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23250 Pag, Croatia

Call - Nazovi

+385 98 168 8409

Call - Nazovi

+385 98 739 296


Birds of the Northern Velebit National Park

Birds of Velebit

The National Park and its surrounds are home to a large number of birds. About a hundred bird species have been identified so far, 85 of which are commonly or occasionally nesting in the Park. Over 90 species are protected, with some thirty nesting bird species included in the Red List of Threatened Birds of Croatia. Some of the most interesting bird species include: Capercaillie (Tetrao urogallus), Western Bonelli’s Warbler (Phyloscopus bonelli), Common Buzzard (Buteo buteo), Eurasian Pygmy Owl (Glaucidium passerinum), Tengmalm’s Owl (Aegolius funerus), Eurasian Eagle Owl (Bubo bubo), Ural Owl (Strix uralensis), Ortolan Bunting (Emberiza hortulana), White-backed Woodpecker (Dendrocopos leucotos), Three-toed Woodpecker (Picoides tridactylus), Alpine Chough (Pyrrhocorax graculus), Golden Eagle (Aquila chrysaetos), Bullfinch (Pyrrhula pyrrhula), Hoopoe (Upupa epops), Common Crossbill (Loxia curvirostra), Raven (Corvus corax), Common Kestrel (Falco tinnunculus), Hazel Grouse (Tetrastes bonasia) and others.


Golden eagle head
Owls head

During recent field research within the National Park, significant findings were made of threatened birds of prey which are listed in Annex I to the EU Birds Directive and the Red Book of Threatened Birds of Croatia including: European Honey Buzzard (Pernis apivorus), Short-toed Eagle (Circaetus gallicus), Booted Eagle (Aquila pennata, syn: Hieraeetus pennatus) and Lesser Kestrel (Falco naumanni).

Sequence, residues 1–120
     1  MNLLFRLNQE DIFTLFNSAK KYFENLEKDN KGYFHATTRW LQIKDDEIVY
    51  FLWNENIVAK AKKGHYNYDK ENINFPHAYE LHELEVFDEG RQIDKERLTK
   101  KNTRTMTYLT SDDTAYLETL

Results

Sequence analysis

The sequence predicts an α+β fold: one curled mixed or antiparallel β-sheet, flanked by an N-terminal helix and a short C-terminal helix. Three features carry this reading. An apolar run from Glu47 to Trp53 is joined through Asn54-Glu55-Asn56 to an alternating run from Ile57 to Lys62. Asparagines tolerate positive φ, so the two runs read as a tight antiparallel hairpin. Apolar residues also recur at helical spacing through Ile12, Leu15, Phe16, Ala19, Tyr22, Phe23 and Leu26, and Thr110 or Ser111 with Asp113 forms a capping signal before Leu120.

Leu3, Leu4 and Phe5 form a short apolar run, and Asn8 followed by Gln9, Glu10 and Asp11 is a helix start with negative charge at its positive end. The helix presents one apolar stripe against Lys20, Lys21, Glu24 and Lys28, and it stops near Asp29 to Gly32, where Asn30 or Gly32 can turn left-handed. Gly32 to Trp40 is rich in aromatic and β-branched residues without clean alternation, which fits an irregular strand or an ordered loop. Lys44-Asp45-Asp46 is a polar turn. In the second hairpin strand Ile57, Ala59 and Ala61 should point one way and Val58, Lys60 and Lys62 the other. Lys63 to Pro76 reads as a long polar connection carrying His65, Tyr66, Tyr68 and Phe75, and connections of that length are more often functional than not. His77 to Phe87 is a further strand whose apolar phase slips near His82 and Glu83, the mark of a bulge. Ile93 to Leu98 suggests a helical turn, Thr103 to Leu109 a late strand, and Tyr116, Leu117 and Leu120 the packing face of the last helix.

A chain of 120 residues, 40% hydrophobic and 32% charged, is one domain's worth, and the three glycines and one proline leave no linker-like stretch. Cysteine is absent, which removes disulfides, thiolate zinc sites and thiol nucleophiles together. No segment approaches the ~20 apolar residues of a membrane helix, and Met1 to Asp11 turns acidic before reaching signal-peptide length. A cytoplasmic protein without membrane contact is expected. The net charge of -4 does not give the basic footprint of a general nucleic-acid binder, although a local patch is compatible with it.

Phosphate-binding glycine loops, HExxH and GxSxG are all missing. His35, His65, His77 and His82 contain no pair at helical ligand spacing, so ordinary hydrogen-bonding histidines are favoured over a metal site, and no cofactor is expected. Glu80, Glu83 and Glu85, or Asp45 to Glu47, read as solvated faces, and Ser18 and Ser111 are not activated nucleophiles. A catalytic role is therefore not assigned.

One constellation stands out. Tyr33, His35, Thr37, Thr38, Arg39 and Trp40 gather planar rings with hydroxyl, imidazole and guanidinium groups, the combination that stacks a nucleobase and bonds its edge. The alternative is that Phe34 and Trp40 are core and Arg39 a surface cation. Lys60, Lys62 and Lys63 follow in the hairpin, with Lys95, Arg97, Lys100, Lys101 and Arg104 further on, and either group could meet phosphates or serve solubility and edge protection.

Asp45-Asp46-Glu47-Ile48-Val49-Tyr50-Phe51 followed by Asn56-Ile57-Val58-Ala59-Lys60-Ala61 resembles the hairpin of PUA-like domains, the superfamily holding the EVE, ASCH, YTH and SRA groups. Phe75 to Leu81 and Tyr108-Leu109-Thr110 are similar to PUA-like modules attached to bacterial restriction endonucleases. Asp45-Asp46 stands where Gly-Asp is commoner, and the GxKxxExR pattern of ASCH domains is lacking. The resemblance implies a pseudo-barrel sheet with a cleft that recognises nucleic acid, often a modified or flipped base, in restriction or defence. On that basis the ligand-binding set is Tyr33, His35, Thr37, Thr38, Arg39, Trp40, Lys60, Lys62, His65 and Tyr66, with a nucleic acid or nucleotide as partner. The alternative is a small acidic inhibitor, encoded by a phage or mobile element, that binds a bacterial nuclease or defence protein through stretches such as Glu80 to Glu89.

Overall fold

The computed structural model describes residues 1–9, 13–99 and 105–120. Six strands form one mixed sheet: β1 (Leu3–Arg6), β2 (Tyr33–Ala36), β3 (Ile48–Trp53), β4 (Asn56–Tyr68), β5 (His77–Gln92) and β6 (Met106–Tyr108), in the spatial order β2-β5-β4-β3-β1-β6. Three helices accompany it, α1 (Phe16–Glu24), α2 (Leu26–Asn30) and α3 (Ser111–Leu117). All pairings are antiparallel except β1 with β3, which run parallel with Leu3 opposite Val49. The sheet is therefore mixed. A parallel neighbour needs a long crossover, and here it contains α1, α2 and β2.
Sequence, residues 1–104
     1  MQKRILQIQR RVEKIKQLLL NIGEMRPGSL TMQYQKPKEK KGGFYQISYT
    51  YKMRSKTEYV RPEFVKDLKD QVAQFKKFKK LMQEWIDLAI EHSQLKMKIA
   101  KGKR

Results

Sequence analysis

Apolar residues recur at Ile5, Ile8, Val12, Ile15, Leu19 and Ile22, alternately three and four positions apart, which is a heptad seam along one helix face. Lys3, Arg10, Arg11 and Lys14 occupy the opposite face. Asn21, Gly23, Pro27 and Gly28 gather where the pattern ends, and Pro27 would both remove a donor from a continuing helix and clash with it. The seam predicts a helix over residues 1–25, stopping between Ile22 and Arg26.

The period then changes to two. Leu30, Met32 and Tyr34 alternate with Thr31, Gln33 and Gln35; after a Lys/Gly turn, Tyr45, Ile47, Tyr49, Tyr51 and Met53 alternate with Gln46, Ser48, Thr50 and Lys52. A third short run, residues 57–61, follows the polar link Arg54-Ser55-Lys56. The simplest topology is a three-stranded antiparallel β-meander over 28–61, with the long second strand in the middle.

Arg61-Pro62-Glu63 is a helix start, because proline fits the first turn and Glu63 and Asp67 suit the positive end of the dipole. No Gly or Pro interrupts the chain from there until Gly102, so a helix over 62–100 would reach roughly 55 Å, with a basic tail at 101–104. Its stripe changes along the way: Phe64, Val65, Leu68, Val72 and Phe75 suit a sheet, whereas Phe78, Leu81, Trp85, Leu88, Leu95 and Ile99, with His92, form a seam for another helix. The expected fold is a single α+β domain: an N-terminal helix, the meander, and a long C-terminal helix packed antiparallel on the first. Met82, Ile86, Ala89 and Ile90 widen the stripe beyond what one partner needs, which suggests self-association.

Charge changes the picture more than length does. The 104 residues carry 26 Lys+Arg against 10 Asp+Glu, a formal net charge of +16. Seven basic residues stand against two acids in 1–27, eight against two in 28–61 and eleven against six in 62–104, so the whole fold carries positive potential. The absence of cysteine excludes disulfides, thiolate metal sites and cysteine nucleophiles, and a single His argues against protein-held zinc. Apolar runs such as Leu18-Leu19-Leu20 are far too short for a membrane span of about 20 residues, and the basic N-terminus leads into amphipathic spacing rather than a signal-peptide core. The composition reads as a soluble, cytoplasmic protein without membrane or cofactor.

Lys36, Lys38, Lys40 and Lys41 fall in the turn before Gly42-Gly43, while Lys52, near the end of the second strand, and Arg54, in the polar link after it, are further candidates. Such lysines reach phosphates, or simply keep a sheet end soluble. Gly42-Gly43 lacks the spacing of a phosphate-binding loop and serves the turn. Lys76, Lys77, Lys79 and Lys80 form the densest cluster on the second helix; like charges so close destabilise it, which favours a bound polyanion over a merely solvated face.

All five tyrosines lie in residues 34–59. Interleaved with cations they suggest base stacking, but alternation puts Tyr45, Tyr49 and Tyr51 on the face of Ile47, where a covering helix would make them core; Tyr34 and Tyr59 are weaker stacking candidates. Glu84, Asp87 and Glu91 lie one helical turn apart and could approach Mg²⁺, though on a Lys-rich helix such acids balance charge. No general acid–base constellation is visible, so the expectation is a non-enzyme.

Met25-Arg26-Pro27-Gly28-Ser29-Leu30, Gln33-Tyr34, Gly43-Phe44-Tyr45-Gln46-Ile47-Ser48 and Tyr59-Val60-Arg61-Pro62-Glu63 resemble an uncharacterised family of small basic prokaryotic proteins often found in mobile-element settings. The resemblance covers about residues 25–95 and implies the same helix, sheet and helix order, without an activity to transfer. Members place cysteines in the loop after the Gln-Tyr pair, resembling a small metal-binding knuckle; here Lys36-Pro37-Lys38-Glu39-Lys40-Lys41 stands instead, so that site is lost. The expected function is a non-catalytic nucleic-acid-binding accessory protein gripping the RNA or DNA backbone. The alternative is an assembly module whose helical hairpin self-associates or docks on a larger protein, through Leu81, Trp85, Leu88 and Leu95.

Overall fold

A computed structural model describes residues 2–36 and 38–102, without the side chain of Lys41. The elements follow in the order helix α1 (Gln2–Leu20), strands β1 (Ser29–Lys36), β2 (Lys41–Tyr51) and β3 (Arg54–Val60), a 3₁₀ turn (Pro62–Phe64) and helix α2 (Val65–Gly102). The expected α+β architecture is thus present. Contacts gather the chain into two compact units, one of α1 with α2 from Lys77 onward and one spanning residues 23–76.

Woodpeckers are an extremely important group of birds in many ecosystems. During the day they hop from one tree to the next in search of food which they find on or underneath the tree bark. They are able to do so owing to their short and strong legs, with their hard and stiff tail feathers serving as support. To declare their territory, they drum on trees, selecting for this purpose trees with good resonance. Woodpeckers nestle and spend the night in hollows of trees. They dig out holes with their powerful, chisel-shaped beak in places where the tree has become soft due to decay. They need about 10 to 25 days to drill a hole. Since they mostly nestle in decaying older trees or even in dead upright trees, woodpeckers do no damage to commercially viable parts of trees. Woodpecker holes are extremely important for the survival of a large number of other bird species, mammals (especially bats) and other animals which use old woodpecker holes for nesting and shelter. This is why the woodpeckers are considered key species in the ecosystem, being species that, though not necessarily present in large number, have an exceptionally important impact on the structure and functioning of ecosystems. The Park is home to a number of woodpecker species: Three-toed Woodpecker (Picoides tridactylus), White-backed Woodpecker (Dendrocopos leucotos), Lesser Spotted Woodpecker (Dendrocopos minor), Great Spotted Woodpecker (Dendrocopos major), Grey-headed Woodpecker (Picus canus) and Black Woodpecker (Dryocopus martius). They are strictly protected and all, except the Great Spotted Woodpecker and the Black Woodpecker, are included in the Red List of Threatened Birds of Croatia.